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In Bill Belichickian parlance, the New England Patriots are “on to 2022.”
Naturally, that won’t come without a lot of stewing over what went wrong at the end of the 2021-22 season, including that wild-card whacking at the hands of the rival Buffalo Bills. Fans will also no doubt be wondering what Belichick and his crew will do between now and the beginning of spring minicamp to improve as a football team, whether it’s adding pieces in free agency or the NFL Draft.
But before looking at which players the team can add in the offseason, let’s take a look at some key current Patriots who will need to step up in 2022 to make the team more competitive.
Everyone knows how much Mac Jones matters. How he builds on his strong rookie season will be one of the Patriots’ top storylines of next season. If he’s good, he can perhaps make up for some roster holes. If he doesn’t meaningfully improve over his rookie season, well, his future prospects in New England could get interesting.
All that is to say, why not talk about some other Patriots that deserve attention as well?
The Patriots have $16.5 million in guaranteed money tied up in Smith over the next two seasons, so they badly need to figure out how to get him going. Their failure to do so seemed to handicap the offense late in the season when teams keyed on Jakobi Meyers and Hunter Henry in the passing game.
New England seemed to abandon the two-tight end offense many expected them to run with Henry and Smith, using “12” personnel (1 running back, 2 tight ends) on just 18.6 percent of offensive snaps. When Smith was on the field on passing downs, the Patriots simply weren’t using him as a receiver. He ran just 158 routes this past season, which was the lowest number of any qualified tight end in football via Pro Football Focus (minimum of 30 targets).
Using him overwhelmingly as a blocker and a gadget player that gets the occasional carry or screen pass isn’t enough. Smith showed during his time in Tennessee that he is a yards-after-catch machine and a major red-zone threat, and he wasn’t deployed enough in either of those capacities in his first season with the Patriots. That can’t happen in Year 2.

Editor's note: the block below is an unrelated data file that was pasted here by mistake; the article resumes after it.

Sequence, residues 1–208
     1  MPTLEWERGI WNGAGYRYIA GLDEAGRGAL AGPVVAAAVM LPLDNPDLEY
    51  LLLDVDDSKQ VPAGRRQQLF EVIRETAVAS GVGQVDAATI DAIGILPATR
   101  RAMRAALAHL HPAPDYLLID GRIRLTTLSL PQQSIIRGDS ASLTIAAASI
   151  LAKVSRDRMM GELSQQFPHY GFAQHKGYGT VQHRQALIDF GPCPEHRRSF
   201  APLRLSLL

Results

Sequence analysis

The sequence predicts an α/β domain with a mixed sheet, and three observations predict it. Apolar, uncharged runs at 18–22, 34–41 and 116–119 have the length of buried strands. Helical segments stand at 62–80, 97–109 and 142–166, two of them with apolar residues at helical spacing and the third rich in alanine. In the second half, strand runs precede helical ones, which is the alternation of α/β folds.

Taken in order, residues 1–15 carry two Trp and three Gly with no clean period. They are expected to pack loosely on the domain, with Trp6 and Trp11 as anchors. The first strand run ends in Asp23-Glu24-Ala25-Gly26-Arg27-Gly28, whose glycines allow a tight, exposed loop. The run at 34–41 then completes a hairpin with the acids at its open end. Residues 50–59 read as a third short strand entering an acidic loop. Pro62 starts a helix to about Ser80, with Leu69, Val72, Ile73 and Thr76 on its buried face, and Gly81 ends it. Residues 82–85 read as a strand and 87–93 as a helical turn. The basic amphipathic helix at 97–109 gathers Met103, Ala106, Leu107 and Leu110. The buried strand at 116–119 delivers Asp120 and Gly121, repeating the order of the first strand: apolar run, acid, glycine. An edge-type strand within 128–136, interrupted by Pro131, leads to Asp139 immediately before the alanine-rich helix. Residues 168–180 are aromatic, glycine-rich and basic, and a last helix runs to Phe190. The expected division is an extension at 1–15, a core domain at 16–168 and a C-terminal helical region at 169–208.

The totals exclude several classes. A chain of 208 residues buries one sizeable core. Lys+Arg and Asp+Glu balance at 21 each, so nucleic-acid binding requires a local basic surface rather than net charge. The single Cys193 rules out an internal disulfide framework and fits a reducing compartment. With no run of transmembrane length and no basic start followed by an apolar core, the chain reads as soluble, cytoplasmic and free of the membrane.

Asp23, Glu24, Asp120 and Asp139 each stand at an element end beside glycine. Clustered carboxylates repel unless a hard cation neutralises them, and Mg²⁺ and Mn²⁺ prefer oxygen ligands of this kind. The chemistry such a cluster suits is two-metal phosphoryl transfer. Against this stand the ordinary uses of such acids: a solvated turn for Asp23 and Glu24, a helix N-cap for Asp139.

One suggestion: send Smith on more of the crossing routes often seen with Henry and Meyers to get him downfield targets on the move and with a chance to create more big plays. Then, trust him to box out defenders or go up over them on the goal line. Jones developed good rapport with Henry and Kendrick Bourne on those kinds of throws. There’s no reason he can’t do the same with Smith.
If the tight end doesn’t work out in 2022, the Patriots could cut ties with him the following season. And what a waste that would be.
No matter what ends open happening with Devin McCourty in the offseason, Dugger is going to see the field a lot. He played the second-most snaps among the Patriots’ safeties anyway, so sliding into a full-time starting role wouldn’t change much for him.
The leap he made in coverage and as an overall playmaker in 2021 was undeniable.
Dugger of course played a big role near the line of scrimmage, with most of his snaps coming as a box safety for the second year in a row. But he also notched four interceptions and defended five passes in total this season after putting up zeroes in both those categories as a rookie and allowed a passer rating of just 59.1, which is good for the 12th-best mark in the NFL among qualified safeties. (Adrian Phillips is one spot ahead of him after allowing just a 56.6 rating.)
His ability to cover slot receivers and tight ends man-to-man on the inside clearly developed as the season went on, which is huge for a team that loves to play man coverage as much as New England usually does.
The soon-to-be-third-year safety has the athleticism, physicality and versatility to be a rare chess piece for Belichick’s defense. If he keeps progressing as a cover man, the Patriots might have a top-10 safety on their hands.
This is a big one.
The Patriots almost certainly drafted McGrone with an eye toward the end of Dont’a Hightower’s career in New England, which might be upon them now. They also did so knowing McGrone almost certainly wouldn’t play in 2021 after tearing his ACL during his final college season. The team did activate the young linebacker from the non-football injury list late this past season, but he was never promoted to the active roster and went to season-ending injured reserve as expected.